For a majority of children, reading is like magic: it opens up a world of possibilities and fun activities. For parents, it’s a sign that your child is headed down the right path—on towards a gateway to growing up and learning. As grand as it sounds, the road to reading might not be as easy or magical for some other little children out there.
According to research in Canada and the U.S., approximately 30-40% of children struggle with learning to read – they are not considered at “grade level” by grade 4. However, typically these children are not “identified” or diagnosed and often do not get instruction that differs from their peers. Often, they just get “more” of the same instruction through programs such as Leveled Literacy Intervention (LLI) which does not teach reading, it just provides more “whole word” reading practise in a small group or one-to-one environment. If anything, LLI teaches a strategy of “guessing” at words; it does not teach children how to READ.
The best response is still early detection. We have adequate assessment tools; however, assessment is costly and time consuming, and unfortunately is often by-passed or overlooked.
There is a pervasive, damaging belief that children will “catch up”, “grow out of it”, “apply themselves”, “mature”, or just “put it together”.
Children that fall behind stay behind.
AND – it is NOT a child’s fault when they DO fall behind. Blaming a child’s maturity, engagement, or motivation is a cop-out. The fault lies in a system that oversteps careful assessment, moves too fast to try meet curricular demands, and is one-dimensional in its approach to teaching reading.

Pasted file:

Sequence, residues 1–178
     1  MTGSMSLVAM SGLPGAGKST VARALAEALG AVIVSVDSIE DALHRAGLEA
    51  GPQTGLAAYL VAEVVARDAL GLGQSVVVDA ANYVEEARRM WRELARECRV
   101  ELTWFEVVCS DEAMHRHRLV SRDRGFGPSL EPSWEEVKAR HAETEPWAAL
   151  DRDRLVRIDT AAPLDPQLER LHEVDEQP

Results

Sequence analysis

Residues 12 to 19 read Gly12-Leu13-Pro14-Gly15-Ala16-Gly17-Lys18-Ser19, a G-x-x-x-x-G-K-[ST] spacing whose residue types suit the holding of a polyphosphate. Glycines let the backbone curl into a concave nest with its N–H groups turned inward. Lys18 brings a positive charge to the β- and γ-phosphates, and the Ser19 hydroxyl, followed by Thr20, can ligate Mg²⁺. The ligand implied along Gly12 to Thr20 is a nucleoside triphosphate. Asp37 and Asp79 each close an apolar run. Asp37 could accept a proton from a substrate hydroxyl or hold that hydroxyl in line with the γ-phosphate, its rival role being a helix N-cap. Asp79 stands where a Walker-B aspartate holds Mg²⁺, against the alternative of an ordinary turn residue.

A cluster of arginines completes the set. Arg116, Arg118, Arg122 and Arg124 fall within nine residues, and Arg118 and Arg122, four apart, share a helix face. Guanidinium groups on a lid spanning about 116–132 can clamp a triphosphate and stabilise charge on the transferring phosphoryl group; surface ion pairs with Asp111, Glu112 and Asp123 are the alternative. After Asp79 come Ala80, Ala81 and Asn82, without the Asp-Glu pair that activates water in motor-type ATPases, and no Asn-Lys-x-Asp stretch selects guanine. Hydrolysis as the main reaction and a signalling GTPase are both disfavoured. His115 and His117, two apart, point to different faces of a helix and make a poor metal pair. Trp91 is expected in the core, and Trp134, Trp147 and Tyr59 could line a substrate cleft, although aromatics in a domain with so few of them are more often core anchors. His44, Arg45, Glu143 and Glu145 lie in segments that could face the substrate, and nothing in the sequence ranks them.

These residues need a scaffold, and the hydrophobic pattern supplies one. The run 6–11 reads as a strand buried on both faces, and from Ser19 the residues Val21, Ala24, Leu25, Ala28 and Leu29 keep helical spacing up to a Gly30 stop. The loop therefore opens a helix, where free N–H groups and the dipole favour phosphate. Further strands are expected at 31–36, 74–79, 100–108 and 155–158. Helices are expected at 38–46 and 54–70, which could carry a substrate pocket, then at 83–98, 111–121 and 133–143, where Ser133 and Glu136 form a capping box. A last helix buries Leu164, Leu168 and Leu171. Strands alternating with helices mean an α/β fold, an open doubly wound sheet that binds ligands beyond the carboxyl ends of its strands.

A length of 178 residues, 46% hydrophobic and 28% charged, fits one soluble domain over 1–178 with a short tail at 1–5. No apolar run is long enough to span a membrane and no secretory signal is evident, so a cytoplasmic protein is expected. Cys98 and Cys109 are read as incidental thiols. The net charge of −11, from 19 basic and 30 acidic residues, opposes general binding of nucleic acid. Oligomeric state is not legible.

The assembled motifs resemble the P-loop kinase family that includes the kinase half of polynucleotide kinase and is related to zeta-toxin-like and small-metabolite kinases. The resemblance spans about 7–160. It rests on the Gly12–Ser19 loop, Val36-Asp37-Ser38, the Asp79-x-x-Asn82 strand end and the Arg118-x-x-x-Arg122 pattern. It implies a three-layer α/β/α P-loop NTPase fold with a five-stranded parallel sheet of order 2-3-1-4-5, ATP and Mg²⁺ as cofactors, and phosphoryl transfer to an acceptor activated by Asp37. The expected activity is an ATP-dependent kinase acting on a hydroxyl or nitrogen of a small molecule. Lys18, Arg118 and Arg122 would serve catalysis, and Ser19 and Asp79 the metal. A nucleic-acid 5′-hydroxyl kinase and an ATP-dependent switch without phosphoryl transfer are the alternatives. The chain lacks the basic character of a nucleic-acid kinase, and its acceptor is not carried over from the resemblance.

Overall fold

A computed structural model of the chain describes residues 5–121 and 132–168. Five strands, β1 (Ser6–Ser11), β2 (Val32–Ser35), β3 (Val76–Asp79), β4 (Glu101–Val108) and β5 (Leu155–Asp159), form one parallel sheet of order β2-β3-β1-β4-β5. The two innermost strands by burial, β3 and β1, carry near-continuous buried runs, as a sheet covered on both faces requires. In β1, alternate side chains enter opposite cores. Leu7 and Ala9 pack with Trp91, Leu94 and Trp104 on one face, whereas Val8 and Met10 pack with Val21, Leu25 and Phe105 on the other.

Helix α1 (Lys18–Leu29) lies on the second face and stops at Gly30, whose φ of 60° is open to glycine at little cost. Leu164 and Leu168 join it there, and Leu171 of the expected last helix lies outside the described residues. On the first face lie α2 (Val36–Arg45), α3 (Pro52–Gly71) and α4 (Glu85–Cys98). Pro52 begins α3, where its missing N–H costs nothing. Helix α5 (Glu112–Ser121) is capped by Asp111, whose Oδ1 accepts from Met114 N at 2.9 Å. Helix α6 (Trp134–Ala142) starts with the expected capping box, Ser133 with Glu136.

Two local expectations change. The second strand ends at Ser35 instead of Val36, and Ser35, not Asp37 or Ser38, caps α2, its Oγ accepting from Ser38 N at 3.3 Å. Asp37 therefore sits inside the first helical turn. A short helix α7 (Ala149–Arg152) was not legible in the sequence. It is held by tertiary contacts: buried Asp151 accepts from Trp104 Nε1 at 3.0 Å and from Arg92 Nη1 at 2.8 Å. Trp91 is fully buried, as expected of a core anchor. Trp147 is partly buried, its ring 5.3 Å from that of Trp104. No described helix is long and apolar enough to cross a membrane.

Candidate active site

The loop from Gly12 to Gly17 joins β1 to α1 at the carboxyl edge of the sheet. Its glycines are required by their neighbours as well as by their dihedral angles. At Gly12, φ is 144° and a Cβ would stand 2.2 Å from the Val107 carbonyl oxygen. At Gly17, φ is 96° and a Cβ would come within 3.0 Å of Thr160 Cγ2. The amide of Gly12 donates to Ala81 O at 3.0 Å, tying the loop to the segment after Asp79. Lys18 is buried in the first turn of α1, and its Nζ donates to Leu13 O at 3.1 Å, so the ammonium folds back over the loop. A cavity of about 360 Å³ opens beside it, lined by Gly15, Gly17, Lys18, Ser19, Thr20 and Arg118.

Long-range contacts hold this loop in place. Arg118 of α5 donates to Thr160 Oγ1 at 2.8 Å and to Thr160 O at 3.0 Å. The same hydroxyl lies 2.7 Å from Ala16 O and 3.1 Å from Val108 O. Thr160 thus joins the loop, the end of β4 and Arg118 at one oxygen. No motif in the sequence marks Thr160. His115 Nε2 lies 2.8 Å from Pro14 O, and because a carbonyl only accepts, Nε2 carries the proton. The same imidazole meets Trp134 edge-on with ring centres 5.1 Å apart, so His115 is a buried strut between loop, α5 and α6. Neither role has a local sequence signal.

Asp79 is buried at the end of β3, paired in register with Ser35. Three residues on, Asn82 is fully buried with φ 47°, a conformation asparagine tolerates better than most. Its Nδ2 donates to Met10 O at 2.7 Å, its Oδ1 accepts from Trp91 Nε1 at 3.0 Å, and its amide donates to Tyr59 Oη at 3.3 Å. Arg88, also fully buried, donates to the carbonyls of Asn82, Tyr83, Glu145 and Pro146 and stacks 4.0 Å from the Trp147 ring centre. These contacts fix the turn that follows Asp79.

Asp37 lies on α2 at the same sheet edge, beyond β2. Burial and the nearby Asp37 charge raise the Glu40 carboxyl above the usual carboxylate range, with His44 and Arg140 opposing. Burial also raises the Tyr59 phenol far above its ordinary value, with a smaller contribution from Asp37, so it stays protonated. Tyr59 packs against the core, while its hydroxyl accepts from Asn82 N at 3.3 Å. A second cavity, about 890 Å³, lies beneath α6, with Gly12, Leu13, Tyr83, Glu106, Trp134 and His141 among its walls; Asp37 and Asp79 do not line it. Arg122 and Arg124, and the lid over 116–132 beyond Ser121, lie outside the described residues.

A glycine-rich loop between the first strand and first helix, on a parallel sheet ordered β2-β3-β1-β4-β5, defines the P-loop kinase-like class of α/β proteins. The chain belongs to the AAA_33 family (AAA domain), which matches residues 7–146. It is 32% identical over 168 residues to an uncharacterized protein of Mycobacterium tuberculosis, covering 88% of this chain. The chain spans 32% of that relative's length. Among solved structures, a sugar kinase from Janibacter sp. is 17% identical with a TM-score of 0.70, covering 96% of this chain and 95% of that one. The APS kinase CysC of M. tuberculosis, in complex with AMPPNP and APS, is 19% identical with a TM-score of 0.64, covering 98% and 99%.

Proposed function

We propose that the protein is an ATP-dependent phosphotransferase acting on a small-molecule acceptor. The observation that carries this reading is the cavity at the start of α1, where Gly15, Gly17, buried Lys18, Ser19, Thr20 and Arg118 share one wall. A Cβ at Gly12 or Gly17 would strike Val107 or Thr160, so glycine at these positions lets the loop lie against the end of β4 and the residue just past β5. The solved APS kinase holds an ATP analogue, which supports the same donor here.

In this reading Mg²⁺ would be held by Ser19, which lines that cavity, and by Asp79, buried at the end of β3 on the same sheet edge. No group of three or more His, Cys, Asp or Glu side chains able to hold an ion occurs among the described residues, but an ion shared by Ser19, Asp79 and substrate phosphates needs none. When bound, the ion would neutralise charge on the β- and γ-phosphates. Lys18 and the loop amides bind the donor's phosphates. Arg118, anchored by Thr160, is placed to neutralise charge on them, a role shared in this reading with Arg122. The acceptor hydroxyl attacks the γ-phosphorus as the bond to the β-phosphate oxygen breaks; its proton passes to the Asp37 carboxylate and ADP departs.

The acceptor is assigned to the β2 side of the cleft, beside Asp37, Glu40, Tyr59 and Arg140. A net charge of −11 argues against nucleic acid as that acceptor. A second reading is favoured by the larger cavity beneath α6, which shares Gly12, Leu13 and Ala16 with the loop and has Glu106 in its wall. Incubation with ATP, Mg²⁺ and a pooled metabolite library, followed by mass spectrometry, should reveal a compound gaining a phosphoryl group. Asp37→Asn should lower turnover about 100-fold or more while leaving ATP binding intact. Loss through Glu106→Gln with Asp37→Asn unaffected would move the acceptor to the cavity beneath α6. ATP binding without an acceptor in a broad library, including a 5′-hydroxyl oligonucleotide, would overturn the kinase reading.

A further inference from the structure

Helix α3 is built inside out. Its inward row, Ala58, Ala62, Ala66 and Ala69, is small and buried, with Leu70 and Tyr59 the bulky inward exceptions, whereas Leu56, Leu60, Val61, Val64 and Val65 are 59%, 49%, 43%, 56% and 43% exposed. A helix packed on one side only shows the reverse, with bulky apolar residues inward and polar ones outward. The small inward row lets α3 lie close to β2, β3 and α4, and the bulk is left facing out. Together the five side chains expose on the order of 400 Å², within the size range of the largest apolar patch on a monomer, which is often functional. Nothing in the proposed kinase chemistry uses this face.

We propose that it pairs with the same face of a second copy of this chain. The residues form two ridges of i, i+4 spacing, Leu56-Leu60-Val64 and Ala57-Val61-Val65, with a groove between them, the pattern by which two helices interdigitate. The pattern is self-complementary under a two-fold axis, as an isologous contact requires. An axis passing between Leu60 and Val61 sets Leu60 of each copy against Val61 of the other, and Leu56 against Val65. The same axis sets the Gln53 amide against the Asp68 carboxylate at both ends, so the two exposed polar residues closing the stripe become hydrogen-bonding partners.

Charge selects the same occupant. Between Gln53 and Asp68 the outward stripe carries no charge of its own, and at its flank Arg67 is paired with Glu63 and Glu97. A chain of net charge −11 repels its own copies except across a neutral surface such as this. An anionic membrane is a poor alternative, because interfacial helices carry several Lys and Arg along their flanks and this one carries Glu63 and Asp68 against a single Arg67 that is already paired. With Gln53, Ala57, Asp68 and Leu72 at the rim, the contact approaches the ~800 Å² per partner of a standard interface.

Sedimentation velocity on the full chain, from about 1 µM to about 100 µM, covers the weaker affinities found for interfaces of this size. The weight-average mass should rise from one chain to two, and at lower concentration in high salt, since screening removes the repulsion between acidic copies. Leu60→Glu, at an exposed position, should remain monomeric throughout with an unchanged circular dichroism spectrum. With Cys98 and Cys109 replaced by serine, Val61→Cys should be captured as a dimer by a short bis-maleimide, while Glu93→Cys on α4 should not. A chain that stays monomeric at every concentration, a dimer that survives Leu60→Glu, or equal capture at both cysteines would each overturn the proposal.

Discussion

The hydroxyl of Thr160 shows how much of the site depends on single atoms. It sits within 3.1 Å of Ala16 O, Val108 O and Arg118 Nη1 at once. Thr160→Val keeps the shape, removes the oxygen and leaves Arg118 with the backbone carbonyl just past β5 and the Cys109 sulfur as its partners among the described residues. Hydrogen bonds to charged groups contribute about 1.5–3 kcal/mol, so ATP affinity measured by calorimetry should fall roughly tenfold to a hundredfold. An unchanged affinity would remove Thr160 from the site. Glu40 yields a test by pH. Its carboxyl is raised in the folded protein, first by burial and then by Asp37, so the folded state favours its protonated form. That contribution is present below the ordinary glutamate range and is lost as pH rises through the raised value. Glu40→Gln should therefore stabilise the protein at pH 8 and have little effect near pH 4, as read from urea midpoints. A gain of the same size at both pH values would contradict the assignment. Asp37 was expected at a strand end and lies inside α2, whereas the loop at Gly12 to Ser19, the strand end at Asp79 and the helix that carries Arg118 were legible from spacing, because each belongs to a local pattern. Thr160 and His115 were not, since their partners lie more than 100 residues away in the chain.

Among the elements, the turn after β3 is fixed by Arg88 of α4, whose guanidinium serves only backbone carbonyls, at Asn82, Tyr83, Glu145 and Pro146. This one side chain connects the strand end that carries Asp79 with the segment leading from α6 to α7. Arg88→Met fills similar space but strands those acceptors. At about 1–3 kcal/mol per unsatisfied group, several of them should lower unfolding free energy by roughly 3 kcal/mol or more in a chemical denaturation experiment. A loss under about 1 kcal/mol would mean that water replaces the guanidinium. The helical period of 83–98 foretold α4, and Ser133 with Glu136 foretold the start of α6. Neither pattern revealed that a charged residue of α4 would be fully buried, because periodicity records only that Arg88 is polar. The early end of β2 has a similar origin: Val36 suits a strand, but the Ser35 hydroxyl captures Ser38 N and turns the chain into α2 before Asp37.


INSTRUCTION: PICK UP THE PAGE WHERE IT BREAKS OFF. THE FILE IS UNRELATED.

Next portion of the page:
Here are some of the major signs that your child might have a reading difficulty.
Trouble with the alphabet
It’s one thing to be young and having a bit of difficulty with identifying some of the letters, but if your child cannot recognize and name the basic 26 letters of the English alphabet by the end Kindergarten, then it’s probably a sign of trouble. Many parents may think that their child simply isn’t interested, but if they can’t get to nail down identifying every letter despite your efforts, then it’s not usually an issue of interest. They are losing interest because it seems hard. They notice all the other kids having success with the alphabet, and they don’t experience the same success. So, they begin to avoid alphabet-based tasks. This is the start of a confidence and self-esteem problem.
At this stage, it’s crucial to be mindful of how you handle the situation. Grilling your child needlessly can make them anxious about learning; it can lead to deep-rooted feelings of shame. Children may pretend they understand despite not actually “getting” letters and sounds. This could develop into more severe problems if tackled in the wrong way.
Difficulty with sound-based tasks
It’s normal if a child can’t speak a lot of words properly when they start talking, but after several repetitions, they should at least get close. If they have trouble with speaking and repeating words or sounds, then it could be a major marker for reading difficulty.